Yes, it gets very dense in there. Mixed blessing. Does the neem knock them back if you get good coverage? Hope they stay at bay.
You must get amazing total yields with your growing season. I’m planning on covering mine for a later extension into the fall.
Yeah, the kitchen table is loaded with bowls and colanders of fresh toms. It’s amazing how much fruit four fully grown plants can put out.
Here’s one of the EB this evening:
Lovely. Nice seeing some red in there. I’m still a bit away from that.
Yeah, the neem knocks them back nicely.
I like that tomato growing system. Just wondering if the tomatoes grow as large as ones in ground. And, is there room for 2 tomato plants in one earth box? I’m wanting to extend the growing season for toms and I think this could be a good way to do it. Beautiful plants u have @MrCLINT
Hi John! I get the same size tomatoes, but heavier yields and less cracking than in ground. I will put two heirlooms in one as they aren’t as vigorous as newer hybrids; for something like that I use one plant to a box. You will have your hands full, especially with indeterminates. Small tomato tree.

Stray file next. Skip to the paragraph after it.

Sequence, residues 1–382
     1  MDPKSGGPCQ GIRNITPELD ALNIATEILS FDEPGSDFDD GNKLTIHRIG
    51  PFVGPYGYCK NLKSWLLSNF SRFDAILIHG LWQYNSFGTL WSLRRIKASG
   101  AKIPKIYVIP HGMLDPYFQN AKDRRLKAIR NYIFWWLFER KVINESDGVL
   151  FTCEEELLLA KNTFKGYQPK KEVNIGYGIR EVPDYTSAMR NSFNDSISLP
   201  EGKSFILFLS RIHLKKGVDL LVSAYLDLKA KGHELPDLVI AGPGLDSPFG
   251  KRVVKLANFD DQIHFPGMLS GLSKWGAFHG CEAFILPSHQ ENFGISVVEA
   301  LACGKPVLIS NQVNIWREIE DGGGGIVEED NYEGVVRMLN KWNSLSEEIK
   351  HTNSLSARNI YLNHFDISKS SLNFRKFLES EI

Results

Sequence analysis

I have mine sitting inside a small portable greenhouse frame. They were under cover this whole cold spring, and it helped immensely. I want to re-cover them in fall to extend the harvesting. Maybe even put a small heater in there, like a reptile tank one.
Mr. Clint has been harvesting his gorgeous plants waaaaay ahead of me. I’m still all green 'maters here.
Hey thanks, Brethil! I ordered one last night. Sure sounds like a great system. You answered my questions. I can’t wait to try it out. I’ve been picking ripe maters for 3 weeks now and have really been enjoying the Betterboys and Creoles. I hope yours turn red real soon. Thanks again for the help.
Good luck John! I think you’ll enjoy the system. Biggest thing will be to follow the planting medium directions: you are making a ‘wick’ which is the basis of how the water moves. They lay it out in the booklet I think pretty well.